Strang's book, question about exercise

  • Thread starter lukaszh
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Hello,
now I'm reading G.Strang's book Linear algebra and its Applications, chapter about Hermitian matrices and complex matrices. In one of the exercises, there's a sentence:

"The real part of [tex]z=a+\mathrm{i}b[/tex] is half of [tex]z+\overline{z}[/tex], and the real part of Z is half of [tex]Z+Z^H[/tex]."

I know that first part of sentence is undoubtedly truth, so

[tex]\frac{1}{2}(z+\overline{z})=\frac{1}{2}(a+\mathrm{i}b+a-\mathrm{i}b)=\frac{2a}{2}=a=\Re(z)[/tex]

But I can't understand that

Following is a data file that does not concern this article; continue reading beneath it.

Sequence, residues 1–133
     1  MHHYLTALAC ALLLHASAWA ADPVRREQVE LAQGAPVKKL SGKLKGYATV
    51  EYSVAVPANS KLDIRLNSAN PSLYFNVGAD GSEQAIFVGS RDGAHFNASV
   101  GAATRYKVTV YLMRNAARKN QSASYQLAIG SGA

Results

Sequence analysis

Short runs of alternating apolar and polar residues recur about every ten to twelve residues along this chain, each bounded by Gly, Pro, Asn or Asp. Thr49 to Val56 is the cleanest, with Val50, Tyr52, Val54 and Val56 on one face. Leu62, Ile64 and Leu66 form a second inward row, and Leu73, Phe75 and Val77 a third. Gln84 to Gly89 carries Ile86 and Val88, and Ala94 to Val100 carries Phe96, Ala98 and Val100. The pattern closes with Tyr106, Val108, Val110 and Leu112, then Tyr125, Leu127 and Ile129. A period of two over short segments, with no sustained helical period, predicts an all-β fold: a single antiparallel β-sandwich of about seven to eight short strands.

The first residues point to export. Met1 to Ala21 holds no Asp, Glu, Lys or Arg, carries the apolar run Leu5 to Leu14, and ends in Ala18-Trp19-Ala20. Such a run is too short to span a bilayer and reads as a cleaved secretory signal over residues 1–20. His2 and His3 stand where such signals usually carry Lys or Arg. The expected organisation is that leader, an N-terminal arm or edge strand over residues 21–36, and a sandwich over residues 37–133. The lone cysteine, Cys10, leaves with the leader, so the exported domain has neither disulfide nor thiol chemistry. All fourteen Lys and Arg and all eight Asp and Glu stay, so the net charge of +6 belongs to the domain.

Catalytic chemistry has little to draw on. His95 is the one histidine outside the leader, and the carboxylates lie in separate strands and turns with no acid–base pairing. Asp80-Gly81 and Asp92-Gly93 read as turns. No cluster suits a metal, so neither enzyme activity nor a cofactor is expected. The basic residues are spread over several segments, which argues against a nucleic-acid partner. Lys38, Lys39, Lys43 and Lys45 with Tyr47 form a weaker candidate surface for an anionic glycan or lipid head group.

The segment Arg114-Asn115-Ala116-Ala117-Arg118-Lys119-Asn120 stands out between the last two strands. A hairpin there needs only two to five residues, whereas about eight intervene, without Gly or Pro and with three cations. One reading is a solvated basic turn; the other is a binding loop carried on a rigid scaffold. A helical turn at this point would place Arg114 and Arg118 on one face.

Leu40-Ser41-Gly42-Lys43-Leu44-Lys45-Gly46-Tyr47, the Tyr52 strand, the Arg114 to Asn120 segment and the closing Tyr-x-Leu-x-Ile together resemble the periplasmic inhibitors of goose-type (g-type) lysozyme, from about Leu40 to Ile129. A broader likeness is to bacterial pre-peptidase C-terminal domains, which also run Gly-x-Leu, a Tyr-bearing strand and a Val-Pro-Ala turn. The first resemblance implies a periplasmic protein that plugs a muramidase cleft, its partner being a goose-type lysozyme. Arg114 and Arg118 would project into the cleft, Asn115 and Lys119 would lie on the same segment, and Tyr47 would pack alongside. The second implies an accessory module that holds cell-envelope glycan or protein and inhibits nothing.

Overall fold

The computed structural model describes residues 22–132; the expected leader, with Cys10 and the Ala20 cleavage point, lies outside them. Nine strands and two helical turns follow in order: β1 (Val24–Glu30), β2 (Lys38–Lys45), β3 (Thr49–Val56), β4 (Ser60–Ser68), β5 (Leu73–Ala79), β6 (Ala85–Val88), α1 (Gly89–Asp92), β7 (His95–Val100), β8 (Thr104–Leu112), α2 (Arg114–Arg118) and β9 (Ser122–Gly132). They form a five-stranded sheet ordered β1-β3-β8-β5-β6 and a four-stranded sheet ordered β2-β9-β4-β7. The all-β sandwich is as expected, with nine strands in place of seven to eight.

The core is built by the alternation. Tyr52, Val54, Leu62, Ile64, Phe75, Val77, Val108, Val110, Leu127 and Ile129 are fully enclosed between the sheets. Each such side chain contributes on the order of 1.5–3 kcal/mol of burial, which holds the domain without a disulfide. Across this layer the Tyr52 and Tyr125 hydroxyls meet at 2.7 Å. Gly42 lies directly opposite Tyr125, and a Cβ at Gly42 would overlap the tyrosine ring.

[tex]\Re(Z)=\frac{1}{2}(Z+Z^H)[/tex]

if [tex]Z^H=(\overline{Z})^T[/tex]

Could you help me? Or tell me what is the real part of Z?
 
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Every complex matrix [tex]A[/tex] has a decomposition into a hermitian part

[tex]A_H=\frac{1}{2}(A+A^H)[/tex]

and a skew hermitian part

[tex]A_S=\frac{1}{2}(A-A^H)[/tex]

so that [tex]A=A_H+A_S[/tex]. This looks formaly similar to taking the real and imaginary parts of a complex number, which may be the reason Strang calls them "real" and "complex" parts.
 

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